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On ‎11‎/‎5‎/‎2018 at 11:38 AM, No Idea said:

  I thought that my wife would have a fit but she’s been the complete opposite. No doubt this will cost me many pairs of shoes as recompense but I’m fine with that. Wait till she finds out I want the thickness sander too!

 

Yes, I believe it is a common problem. Whenever I catch flak for buying "another tool you'll never use," I retort that, "At last count, there were more than forty pairs of shoes in your closet, most of which you will never use." And the fight is on!

 

I've found the best way to get away with tool purchases is to tell them that the tools were a great deal and will be worth far more when I croak than now.  It's the greed that gets 'em every time.

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Well I'm glad to say that at last I've managed to have a go with my Bynes saw and I'm really impressed with both the quality and power of such a little saw.  I firstly read the instructions and just generally became familiar with the saw and gave the table a good clean and a coat of wax.  I also changed the plug to a UK three pin plug as it came supplied with a two pin Euro type plug.

 

I had three large pieces of timber which were mahogany, pear and boxwood.  I first ran each piece through to make them into manageable widths and also to make sure that the sides were parallel with each other.  I used the supplied blade for this purpose which plowed through all of the different woods with no problems what so ever.  The finish actually was surprisingly good even with this blade and with a little sanding I think you could easily use this blade for making planks; that is of course if you could afford the waste as the kerf is wide.

 

I then changed the blade to a slitting saw.  I fitted the .40 - 4" blade and ran this through a zero clearance insert which was very easy to do.  I fitted the 4" blade as my timber is 13mm thick and the small .30 - 3" blades would not be strong enough in my opinion to make this cut.  After a couple of trial runs with some scrap timber I set the fence to 1.6mm which again is so easy with the micrometer adjustment.  Anyway enough chat here are pictures of my first few go's at cutting planks on my new saw, I did get a little surface burning but this is my technique which will improve and not the fault of the saw.  The planks are 1150mm (3.75ft) long, 1.6mm thick and 13mm wide and are boxwood.  The final width will be 6mm so I can get two planks out of each strip.  Wow what a machine I'm extremely impressed so far!

 

 

 

 

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9 hours ago, No Idea said:

Wow what a machine I'm extremely impressed so far!

You'll find the Byrnes thickness and disk sanders are of equal quality and usefulness. Jim Byrnes's tools are masterpieces of restrained elegance in design and broad utility. It's rare to encounter a line of products with which no fault can be found, save, perhaps, that there aren't enough of them. I'd love to see him come up with a few more!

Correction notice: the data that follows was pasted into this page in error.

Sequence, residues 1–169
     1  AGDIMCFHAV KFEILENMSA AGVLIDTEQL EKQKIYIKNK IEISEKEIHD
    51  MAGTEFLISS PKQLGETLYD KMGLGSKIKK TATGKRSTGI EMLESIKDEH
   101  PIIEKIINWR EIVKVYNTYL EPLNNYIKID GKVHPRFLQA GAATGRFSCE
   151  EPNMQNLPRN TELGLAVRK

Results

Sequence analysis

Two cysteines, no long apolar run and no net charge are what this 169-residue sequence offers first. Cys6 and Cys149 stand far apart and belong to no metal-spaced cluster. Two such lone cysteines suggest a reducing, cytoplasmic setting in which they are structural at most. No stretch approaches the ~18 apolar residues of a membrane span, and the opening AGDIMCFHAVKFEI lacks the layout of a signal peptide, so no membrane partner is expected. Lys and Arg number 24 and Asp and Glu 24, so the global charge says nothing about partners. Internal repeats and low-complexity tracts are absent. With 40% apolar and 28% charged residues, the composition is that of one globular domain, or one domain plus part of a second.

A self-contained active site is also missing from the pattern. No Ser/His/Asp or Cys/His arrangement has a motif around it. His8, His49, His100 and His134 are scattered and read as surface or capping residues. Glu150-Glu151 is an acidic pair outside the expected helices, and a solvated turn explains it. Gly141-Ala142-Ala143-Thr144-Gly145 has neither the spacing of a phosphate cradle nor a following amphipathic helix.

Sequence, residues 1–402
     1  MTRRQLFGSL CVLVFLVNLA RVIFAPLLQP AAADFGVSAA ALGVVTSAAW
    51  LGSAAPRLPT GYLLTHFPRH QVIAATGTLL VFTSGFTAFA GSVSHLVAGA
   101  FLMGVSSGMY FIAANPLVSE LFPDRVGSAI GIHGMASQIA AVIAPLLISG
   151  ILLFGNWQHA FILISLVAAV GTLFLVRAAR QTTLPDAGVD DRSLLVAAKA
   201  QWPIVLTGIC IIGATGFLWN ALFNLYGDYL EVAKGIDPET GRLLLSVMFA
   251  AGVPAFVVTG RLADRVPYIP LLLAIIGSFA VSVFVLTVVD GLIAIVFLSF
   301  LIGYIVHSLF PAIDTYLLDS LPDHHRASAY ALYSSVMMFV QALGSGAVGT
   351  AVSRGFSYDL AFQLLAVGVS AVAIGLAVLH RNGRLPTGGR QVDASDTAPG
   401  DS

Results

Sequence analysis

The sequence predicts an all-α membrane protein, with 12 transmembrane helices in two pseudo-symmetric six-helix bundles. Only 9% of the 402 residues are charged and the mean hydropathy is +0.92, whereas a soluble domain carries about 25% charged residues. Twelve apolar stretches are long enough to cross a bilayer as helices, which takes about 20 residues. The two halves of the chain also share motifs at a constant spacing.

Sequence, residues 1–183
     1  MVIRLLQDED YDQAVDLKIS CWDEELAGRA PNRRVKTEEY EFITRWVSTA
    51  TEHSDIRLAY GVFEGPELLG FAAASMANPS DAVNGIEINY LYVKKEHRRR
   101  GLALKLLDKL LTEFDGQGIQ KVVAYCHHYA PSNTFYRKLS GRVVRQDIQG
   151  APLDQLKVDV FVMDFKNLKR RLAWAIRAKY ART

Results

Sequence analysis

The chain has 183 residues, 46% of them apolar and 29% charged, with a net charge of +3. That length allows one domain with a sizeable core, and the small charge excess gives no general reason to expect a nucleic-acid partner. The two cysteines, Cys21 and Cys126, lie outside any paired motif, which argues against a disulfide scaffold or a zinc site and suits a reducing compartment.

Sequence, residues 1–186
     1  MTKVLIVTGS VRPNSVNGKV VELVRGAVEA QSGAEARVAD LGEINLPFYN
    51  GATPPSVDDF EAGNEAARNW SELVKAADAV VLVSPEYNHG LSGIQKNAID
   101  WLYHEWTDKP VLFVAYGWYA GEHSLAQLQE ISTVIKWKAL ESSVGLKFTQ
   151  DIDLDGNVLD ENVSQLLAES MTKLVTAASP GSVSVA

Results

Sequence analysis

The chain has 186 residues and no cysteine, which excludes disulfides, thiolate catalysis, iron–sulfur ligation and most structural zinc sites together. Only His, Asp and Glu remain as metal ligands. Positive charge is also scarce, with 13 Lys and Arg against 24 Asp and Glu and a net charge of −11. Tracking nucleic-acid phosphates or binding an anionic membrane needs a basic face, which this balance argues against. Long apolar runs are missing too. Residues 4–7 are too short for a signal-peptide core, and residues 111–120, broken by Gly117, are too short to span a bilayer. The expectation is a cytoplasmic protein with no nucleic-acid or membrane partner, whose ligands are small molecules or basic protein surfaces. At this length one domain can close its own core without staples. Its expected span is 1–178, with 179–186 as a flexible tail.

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I have proposed that he consider a sleeveless drum sanding table,that  has reversible rotation.

If a chuck with his usual precision and quality is also supplied, all manor of cutting burrs and wood eating attachments could be mounted.

 

Was there ever a digital read micrometer for the table saw?  One of those would be super peachy keen.

 

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2 hours ago, Jaager said:

Was there ever a digital read micrometer for the table saw?  One of those would be super peachy keen.

 

Not that I know of, but I would expect that one that would suit could be readily sourced. I've heard of cheap digital calipers being cannibalized to create similar digital readouts. That said, it seems like a lot of trouble for little advantage. I've never had a battery go dead on a mechanical micrometer, either.

 

If I were going to attempt it, I'd expect the easiest way to go would be to make a mount for a digital dial indicator that mounted into the table slide slot and measured the movement of the fence or work piece.

Edited by Bob Cleek

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Posted (edited)

Hi All

 

I've been playing with the tilting table to try and find a reliable way of setting an angle.  I've come up with this idea of using an adjustable Vee Block which seems to work quite well.  Its simple - set the angle that you want on the Vee Block and then slide it under the table.  On the first pictures I used a small piece of 19mm plywood as a parallel to space it out, and on the second example I used a steel 3-2-1 block which worked ok as well.  This could easily be clamped in place to give extra support when the saw is in use.  I've taken pictures of a simple 45 degree angle but I guess any angle could be dialled up.  What are your thoughts?  Would this make life easier for some users or not?  Edit - Sorry the pictures are not in the correct order but I guess you get the idea

 

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Edited by No Idea
Pictures not in order